Multiple sclerosis (MS) is caused by an uncontrolled immune response against self-antigens in the central nervous system. The autoreactive components in the immune system are usually controlled by regulatory T cells (T{reg}). Not surprisingly, deficits in the T{reg} compartment are associated to MS and the susceptibility of mice to develop experimental autoimmune encephalomyelitis (EAE), an experimental model of MS. Thus, the study of the molecular mechanisms controlling T{reg} differentiation is needed to understand MS pathology and identify new therapeutic targets;these studies, however, cannot be easily performed in mammals. Worms and flies have been useful in the identification of the mechanisms governing innate immunity, but invertebrates do not have T{reg}. We found that the zebrafish has an immune system that shares several features with its mammalian counterpart, including the genes driving T{reg} differentiation. In this application we will use mice and zebrafish to identify the molecular pathways that control T{reg} generation. This goal will be achieved by three independent approaches: 1. Bioinformatic identification of transcription factors controlling T{reg} differentiation. 2. High throughput screen to identify chemicals that regulate T{reg} differentiation. 3. Characterization of the role of the transcription factors and chemical compounds on T{reg} activity during the course of EAE. This project has the potential to identify therapeutic targets for the management of MS, and to establish the zebrafish as a platform for the high throughput identification of immunomodulatory drugs. In summary, this is an innovative project that will combine the experimental advantages offered by mice and zebrafish to identify pathways controlling T{reg} generation and is consistent with the aims of the New Pathway to Independence Award Program.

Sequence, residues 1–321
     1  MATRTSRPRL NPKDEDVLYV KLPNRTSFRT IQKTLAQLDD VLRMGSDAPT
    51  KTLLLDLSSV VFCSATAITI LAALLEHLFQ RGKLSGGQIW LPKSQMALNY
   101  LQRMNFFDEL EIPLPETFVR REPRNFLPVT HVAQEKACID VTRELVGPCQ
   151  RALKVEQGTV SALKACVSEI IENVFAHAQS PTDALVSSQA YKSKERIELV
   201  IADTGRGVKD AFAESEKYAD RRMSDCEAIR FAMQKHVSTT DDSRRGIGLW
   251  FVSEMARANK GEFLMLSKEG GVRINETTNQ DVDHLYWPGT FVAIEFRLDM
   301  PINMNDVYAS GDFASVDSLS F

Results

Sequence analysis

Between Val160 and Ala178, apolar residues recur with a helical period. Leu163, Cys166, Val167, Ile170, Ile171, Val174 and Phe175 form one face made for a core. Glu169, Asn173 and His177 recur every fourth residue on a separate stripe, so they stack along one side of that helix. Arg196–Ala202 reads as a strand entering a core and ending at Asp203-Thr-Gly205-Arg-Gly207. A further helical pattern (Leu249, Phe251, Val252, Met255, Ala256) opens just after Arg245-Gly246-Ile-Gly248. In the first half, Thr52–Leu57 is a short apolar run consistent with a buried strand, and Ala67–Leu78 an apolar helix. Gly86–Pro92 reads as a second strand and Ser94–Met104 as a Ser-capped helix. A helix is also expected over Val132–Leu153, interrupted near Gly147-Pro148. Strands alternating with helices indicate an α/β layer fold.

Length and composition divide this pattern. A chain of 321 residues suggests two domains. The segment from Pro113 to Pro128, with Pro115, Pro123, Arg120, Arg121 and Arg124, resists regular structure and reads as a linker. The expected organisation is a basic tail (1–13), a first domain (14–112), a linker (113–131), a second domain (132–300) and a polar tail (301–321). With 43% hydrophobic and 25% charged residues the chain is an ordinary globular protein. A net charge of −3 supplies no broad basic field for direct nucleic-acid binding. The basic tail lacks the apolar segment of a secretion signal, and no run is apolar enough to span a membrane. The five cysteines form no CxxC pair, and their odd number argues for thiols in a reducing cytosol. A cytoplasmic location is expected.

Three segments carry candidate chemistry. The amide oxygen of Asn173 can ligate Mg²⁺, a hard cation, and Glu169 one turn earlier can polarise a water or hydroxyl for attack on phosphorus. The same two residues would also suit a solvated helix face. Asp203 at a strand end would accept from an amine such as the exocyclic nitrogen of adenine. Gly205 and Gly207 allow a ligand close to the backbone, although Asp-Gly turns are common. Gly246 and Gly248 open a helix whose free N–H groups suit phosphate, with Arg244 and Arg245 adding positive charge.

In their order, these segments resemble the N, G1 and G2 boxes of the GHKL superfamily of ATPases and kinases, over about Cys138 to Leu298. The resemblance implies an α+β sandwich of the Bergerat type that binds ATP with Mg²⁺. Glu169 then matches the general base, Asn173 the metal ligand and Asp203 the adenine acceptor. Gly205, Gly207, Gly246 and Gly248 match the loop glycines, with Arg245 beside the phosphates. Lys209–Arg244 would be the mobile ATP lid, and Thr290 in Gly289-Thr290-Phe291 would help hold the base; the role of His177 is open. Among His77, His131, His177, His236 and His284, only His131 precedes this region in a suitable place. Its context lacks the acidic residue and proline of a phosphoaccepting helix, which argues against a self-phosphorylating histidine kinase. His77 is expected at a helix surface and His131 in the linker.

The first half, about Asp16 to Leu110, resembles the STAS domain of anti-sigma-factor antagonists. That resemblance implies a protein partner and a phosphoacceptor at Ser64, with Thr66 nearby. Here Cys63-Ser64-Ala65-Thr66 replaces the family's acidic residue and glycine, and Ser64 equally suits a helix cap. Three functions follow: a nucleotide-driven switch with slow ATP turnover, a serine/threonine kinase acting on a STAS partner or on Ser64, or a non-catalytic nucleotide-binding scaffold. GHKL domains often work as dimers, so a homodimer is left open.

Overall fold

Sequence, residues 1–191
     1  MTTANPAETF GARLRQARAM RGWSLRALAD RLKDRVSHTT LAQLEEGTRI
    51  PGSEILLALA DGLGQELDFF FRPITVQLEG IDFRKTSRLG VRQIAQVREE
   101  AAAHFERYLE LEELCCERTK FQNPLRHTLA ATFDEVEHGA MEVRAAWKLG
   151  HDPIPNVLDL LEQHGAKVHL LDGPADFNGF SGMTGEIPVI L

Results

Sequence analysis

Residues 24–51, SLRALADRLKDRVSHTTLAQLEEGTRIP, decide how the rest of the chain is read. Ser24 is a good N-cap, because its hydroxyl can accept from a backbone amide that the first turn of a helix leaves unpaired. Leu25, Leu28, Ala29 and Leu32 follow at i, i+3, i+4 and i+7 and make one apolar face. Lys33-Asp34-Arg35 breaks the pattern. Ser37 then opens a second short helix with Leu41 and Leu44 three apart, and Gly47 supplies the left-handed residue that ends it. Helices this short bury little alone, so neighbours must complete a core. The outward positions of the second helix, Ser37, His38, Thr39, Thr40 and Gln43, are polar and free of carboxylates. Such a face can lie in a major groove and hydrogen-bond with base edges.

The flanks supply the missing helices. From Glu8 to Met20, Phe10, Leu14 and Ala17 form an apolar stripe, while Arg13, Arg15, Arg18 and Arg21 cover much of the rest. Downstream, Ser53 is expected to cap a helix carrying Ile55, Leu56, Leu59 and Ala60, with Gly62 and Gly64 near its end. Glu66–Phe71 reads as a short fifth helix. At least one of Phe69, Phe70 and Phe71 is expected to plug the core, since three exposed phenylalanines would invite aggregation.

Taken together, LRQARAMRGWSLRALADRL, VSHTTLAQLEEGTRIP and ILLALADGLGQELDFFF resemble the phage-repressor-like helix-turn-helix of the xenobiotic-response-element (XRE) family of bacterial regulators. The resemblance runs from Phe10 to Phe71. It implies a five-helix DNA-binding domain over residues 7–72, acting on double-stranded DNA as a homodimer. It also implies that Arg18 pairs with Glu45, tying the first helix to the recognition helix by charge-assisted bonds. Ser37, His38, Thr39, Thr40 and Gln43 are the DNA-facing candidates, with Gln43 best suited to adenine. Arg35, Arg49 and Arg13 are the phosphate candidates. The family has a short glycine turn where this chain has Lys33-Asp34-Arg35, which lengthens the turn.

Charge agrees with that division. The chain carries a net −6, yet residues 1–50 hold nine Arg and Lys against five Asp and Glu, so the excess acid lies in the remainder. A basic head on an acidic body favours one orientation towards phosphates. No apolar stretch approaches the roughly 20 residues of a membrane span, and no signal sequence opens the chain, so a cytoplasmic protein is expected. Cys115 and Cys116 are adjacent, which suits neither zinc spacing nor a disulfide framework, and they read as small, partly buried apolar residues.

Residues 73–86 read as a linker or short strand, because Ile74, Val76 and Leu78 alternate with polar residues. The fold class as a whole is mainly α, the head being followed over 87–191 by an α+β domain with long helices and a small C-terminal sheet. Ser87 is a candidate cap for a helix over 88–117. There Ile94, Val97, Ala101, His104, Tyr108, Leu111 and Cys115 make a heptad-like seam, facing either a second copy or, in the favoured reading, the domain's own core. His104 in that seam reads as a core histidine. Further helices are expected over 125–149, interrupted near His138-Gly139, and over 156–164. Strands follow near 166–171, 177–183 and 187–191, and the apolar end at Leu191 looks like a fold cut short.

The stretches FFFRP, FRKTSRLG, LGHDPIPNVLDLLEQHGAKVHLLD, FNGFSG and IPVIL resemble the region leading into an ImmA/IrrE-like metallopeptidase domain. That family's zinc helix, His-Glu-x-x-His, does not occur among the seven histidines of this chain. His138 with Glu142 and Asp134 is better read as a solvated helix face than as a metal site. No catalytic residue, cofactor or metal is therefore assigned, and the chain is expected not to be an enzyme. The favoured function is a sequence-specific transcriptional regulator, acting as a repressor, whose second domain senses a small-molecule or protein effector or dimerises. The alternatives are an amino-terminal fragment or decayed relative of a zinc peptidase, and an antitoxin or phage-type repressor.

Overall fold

Public Health Relevance

Studying the mechanisms that control immunoregulation is necessary to understand and identify new therapies for autoimmune disorders but these studies are not easily performed in mammals. We have found that immunoregulatory mechanisms similar to those found in mammals operate in the zebrafish. In this application we propose to perform investigations in mice and zebrafish (Danio rerio) as a model useful for the identification of compounds and signaling pathways that regulate the immune response.

National Institute of Health (NIH)
National Institute of Allergy and Infectious Diseases (NIAID)
Research Transition Award (R00)
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Special Emphasis Panel (NSS)
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Prograis, Lawrence J
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Brigham and Women's Hospital
United States
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